Jo An S. Segal
There are several definitions of networks which have led many times to serious confusion over the meaning of the word. First of all we have an informal definition of something often referred to as networking, which simply means knowing who knows what and linking up with them in some way. As one special librarian said to me at one time, a library in a network is a library with connections and we all need connections. It was this sense of connection which Carol Niemeyer stressed in the theme for her year as American Library Association (ALA) president.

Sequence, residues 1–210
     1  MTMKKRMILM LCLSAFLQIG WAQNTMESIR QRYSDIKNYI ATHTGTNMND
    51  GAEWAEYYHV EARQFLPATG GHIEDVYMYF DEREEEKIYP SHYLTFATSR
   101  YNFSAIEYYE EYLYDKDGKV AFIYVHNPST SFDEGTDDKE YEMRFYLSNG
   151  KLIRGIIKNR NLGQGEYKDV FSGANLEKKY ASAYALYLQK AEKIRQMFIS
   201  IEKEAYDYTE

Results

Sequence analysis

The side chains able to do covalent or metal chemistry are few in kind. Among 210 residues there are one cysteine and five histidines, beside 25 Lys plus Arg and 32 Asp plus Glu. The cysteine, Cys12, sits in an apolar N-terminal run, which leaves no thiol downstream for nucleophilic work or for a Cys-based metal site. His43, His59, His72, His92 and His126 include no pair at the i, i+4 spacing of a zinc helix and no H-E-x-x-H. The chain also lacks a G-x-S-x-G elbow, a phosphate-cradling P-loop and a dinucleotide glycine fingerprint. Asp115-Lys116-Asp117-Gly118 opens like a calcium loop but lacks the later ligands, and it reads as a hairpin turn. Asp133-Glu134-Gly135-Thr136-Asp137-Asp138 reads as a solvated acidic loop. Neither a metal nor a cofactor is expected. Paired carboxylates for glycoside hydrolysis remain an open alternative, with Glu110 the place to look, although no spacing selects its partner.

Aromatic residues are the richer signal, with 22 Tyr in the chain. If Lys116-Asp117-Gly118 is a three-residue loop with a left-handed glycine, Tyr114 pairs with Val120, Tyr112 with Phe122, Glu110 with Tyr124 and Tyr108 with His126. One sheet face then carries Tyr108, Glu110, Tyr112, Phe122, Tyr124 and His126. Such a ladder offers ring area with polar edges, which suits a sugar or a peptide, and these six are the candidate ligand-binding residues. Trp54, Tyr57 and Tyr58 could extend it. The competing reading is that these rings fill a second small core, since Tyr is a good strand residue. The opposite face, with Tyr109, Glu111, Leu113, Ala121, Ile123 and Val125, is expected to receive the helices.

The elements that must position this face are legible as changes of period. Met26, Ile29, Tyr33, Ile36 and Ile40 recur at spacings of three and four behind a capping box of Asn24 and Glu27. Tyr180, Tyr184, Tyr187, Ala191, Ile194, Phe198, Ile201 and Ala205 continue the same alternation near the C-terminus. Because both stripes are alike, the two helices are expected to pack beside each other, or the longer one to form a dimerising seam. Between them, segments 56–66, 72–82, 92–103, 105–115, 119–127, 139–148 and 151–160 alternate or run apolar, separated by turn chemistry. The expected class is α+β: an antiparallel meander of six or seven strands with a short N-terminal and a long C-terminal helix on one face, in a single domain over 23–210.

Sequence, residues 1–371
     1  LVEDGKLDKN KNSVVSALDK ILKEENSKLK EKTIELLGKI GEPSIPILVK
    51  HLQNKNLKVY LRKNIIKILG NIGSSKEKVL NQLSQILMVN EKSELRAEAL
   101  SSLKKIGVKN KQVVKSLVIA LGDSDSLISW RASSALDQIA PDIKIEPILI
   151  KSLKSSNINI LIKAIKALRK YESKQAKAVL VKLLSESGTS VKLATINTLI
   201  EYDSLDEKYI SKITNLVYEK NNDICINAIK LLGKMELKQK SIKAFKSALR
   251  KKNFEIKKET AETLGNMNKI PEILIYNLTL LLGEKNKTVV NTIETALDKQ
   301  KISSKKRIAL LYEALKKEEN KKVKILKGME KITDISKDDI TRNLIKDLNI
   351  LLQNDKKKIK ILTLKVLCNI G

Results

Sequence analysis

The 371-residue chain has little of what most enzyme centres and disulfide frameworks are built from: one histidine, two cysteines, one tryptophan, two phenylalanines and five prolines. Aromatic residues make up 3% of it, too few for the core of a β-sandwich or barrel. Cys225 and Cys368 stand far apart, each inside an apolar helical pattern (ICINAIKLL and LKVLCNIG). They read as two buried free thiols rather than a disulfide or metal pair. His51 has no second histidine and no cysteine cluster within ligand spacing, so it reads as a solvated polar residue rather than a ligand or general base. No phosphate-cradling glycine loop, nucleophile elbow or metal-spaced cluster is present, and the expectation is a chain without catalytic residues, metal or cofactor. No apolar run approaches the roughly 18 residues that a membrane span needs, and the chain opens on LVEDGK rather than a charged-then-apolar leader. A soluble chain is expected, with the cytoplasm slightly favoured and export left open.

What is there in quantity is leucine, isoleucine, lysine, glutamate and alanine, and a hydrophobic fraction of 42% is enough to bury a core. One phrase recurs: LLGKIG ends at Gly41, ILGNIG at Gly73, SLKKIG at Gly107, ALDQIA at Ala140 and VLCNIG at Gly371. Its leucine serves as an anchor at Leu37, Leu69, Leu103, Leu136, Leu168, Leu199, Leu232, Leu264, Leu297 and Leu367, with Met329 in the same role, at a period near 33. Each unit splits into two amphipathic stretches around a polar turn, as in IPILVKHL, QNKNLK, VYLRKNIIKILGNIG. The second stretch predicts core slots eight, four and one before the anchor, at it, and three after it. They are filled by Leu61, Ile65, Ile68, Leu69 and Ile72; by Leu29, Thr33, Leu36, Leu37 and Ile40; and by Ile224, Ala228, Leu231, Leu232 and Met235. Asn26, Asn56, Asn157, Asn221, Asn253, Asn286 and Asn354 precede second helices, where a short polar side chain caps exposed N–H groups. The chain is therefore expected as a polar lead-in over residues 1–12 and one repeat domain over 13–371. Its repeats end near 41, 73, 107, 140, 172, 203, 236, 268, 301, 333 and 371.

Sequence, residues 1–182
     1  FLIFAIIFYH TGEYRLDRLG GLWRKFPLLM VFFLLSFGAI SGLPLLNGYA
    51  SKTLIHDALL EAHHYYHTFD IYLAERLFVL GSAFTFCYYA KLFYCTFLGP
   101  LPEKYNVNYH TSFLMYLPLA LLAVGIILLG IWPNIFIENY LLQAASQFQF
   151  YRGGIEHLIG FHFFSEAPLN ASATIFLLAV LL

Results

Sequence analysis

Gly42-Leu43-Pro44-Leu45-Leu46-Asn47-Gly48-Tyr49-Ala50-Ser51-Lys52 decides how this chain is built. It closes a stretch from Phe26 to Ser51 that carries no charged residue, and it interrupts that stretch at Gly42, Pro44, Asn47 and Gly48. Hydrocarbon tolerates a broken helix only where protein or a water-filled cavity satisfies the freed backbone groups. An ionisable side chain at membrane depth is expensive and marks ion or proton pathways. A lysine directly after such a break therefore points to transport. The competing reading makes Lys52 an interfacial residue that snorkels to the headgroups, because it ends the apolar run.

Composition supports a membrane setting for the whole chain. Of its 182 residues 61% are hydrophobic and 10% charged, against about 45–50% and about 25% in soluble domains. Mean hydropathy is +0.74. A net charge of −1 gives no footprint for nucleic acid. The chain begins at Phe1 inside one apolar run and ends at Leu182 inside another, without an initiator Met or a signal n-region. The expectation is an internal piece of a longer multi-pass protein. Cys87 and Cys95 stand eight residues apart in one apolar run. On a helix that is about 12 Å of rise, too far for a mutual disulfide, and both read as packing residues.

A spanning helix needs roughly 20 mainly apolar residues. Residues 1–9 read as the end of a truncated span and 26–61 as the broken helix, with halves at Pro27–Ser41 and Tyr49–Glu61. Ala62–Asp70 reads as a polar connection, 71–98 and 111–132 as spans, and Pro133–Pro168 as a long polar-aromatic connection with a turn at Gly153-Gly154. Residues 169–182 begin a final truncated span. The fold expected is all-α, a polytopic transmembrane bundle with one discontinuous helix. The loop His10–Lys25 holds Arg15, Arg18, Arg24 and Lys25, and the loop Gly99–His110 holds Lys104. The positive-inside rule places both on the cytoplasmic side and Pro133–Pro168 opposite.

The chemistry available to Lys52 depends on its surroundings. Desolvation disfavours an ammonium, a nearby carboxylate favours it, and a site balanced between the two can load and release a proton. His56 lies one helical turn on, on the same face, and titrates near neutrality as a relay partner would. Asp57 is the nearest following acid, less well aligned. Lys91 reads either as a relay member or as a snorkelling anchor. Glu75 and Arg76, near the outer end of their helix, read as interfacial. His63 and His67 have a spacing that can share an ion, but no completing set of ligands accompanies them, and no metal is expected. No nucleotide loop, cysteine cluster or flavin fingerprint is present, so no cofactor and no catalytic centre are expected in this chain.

Cooperative activities among libraries have existed for many years at a variety of levels from a small consortium of libraries sharing information about interlibrary loans, purchasing cooperatives, processing centers, regional systems within states, state library networking activities, multitype and multistate organizations, and even national ones. Using the term "network" for all of these entities can lead to confusion and a fear of competition, which will be addressed later in the section called Levels of Networking, and which looms as a real danger to the promulgation of cooperative activities among libraries.